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What's the Difference between Churches, Chapels, and Cathedrals?

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For every world religion, there is a place to worship. For Christianity, there are a confusing variety of names for these places, which are frequently—but incorrectly—used interchangeably. Church, chapel, and cathedral are the trio of terms most commonly used to denote a religious space, but how are they different? As with most questions on the nature of language, it depends not whom you ask, but when you ask.

Chronologically speaking, the words “church” and “chapel” emerged into widespread use at about the same time, dating back to approximately the thirteenth century. Church evolved from a motley collection of sources: the Old English cirice, West Germanic kirika, Middle Dutch kerke, and from the Greek kyriake. Chapel has a more straightforward derivation, from the Old French chapele, which in turn had roots in the Medieval Latin cappella, literally meaning “little cape,” honoring the story of St. Martin of Tours’ holy garment. Of the two, “church” is the broader term, referring both to the worship space in an architectural sense as well as the congregation as a collective group of people meeting within the church building. Though the word’s original connotations were of a building designated for holy worship, church services now often take place in secular locations, and former church buildings are frequently converted into private homes, bookstores, and bars.

Chapels are commonly smaller spaces, usually a room within the church or a larger, non-faith-based institution like an airport, hospital, or university, and they are not necessarily consecrated ground. Even chapels of considerable size or with their own freestanding grounds differ from the traditional Christian church in welcoming nondenominational or interfaith worship. Perhaps the loosest definition of “chapel” refers to those peculiar Las Vegas wedding locations for hasty, and occasionally poorly thought out, marriages—a far cry from most established religion.

Unlike both churches and chapels, which originated in the general Christian tradition but are not specific to any particular incarnation of it, cathedrals fulfill a specific role within the Catholic faith. Named for the bishop’s throne, the cathedra—and despite its implications of stained glass and grandeur—a “cathedral” is simply the designated principal church within a diocese. Naturally, where the bishop goes, lofty arches and flying buttresses often follow, but those are just a side effect. If the bishop’s seat moves elsewhere, so too does the designation of “cathedral.” Such was the case with Crotia’s Church of the Holy Cross, once billed as “the smallest cathedral in the world”—in the absence of a bishop, the Croatian Tourist Board is pushing the definition just a bit.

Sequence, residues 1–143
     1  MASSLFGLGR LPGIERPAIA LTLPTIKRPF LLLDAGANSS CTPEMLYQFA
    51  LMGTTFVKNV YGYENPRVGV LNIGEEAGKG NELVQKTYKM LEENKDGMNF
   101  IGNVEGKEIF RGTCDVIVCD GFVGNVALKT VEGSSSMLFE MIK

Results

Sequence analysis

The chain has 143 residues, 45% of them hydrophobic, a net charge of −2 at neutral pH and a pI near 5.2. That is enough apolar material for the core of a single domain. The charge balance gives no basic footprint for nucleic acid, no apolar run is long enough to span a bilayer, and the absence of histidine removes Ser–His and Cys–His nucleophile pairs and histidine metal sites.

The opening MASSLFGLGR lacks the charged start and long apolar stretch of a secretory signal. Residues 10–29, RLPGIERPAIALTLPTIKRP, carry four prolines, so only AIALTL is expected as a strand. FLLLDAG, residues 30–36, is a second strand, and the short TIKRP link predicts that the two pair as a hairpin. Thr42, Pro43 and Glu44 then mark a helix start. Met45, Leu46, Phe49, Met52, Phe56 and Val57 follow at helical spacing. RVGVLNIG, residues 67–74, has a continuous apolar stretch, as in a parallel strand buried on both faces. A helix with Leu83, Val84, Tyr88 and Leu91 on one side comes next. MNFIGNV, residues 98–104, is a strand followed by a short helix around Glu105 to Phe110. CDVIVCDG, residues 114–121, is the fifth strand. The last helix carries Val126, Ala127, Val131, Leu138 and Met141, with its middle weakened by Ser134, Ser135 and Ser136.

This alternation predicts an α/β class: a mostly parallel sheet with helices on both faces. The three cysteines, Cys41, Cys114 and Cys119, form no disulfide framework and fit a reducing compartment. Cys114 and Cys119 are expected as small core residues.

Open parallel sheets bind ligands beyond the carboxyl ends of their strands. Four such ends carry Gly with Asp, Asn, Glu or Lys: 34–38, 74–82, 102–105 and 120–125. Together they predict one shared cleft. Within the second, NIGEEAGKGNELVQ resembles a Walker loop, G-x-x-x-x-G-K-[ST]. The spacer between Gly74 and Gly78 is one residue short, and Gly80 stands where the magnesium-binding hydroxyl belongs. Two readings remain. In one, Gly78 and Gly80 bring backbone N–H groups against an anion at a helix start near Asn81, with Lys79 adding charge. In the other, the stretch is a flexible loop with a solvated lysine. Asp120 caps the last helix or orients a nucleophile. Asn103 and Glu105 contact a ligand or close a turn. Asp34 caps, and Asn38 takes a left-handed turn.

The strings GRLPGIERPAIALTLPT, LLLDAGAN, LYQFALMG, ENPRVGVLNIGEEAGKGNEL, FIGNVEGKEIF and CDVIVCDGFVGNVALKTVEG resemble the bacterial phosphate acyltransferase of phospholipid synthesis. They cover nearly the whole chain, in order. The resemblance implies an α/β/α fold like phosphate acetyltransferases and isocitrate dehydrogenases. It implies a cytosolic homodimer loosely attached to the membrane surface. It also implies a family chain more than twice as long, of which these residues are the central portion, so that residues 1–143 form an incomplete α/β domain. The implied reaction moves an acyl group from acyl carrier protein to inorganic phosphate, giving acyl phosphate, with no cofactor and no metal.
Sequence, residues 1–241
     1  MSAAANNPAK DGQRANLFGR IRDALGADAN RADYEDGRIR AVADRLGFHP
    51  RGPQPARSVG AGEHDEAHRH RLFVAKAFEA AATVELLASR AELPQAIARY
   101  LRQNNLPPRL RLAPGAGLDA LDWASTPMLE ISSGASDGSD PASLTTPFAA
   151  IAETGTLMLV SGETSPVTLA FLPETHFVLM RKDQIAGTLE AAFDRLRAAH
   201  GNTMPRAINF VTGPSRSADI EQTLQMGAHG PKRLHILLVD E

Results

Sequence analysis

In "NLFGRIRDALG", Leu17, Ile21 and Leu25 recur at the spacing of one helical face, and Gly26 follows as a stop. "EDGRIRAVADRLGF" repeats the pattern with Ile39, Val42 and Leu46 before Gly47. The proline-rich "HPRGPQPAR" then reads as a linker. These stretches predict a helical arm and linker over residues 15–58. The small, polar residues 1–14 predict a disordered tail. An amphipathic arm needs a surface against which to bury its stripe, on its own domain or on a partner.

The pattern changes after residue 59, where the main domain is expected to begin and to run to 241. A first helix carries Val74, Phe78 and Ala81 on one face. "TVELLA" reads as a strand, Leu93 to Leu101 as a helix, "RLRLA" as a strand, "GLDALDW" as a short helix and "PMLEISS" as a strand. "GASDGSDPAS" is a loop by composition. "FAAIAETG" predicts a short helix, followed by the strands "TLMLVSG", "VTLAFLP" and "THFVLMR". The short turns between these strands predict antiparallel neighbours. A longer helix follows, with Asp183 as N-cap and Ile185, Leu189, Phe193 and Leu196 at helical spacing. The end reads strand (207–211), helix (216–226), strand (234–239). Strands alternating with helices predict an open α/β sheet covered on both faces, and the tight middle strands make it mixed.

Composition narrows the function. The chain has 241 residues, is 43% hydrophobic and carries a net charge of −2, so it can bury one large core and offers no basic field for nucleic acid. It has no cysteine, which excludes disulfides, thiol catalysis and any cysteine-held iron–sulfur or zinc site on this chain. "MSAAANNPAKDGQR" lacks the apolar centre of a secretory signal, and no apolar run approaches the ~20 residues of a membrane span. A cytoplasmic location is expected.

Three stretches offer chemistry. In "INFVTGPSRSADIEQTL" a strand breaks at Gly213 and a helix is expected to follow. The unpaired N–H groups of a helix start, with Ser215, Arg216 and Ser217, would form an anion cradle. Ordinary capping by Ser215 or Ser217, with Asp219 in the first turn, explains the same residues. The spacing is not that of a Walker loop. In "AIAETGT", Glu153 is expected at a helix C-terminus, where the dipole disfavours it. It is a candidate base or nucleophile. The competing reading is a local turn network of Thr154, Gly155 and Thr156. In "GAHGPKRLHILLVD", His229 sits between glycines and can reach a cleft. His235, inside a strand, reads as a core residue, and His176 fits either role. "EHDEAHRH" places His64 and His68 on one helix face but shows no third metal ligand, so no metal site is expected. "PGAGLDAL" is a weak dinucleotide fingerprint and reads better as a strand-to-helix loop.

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Big Questions
What Is the Difference Between Generic and Name Brand Ibuprofen?
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What is the difference between generic ibuprofen vs. name brands?

Yali Friedman:

I just published a paper that answers this question: Are Generic Drugs Less Safe than their Branded Equivalents?

Here’s the tl;dr version:

Generic drugs are versions of drugs made by companies other than the company which originally developed the drug.

To gain FDA approval, a generic drug must:

  • Contain the same active ingredients as the innovator drug (inactive ingredients may vary)
  • Be identical in strength, dosage form, and route of administration
  • Have the same use indications
  • Be bioequivalent
  • Meet the same batch requirements for identity, strength, purity, and quality
  • Be manufactured under the same strict standards of FDA's good manufacturing practice regulations required for innovator products

I hope you found this answer useful. Feel free to reach out at www.thinkbiotech.com. For more on generic drugs, you can see our resources and whitepapers at Pharmaceutical strategic guidance and whitepapers

This post originally appeared on Quora. Click here to view.

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Big Questions
Do Cats Fart?
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Certain philosophical questions can invade even the most disciplined of minds. Do aliens exist? Can a soul ever be measured? Do cats fart?

While the latter may not have weighed heavily on some of history’s great brains, it’s certainly no less deserving of an answer. And in contrast to existential queries, there’s a pretty definitive response: Yes, they do. We just don’t really hear it.

According to veterinarians who have realized their job sometimes involves answering inane questions about animals passing gas, cats have all the biological hardware necessary for a fart: a gastrointestinal system and an anus. When excess air builds up as a result of gulping breaths or gut bacteria, a pungent cloud will be released from their rear ends. Smell a kitten’s butt sometime and you’ll walk away convinced that cats fart.

The discretion, or lack of audible farts, is probably due to the fact that cats don’t gulp their food like dogs do, leading to less air accumulating in their digestive tract.

So, yes, cats do fart. But they do it with the same grace and stealth they use to approach everything else. Think about that the next time you blame the dog.

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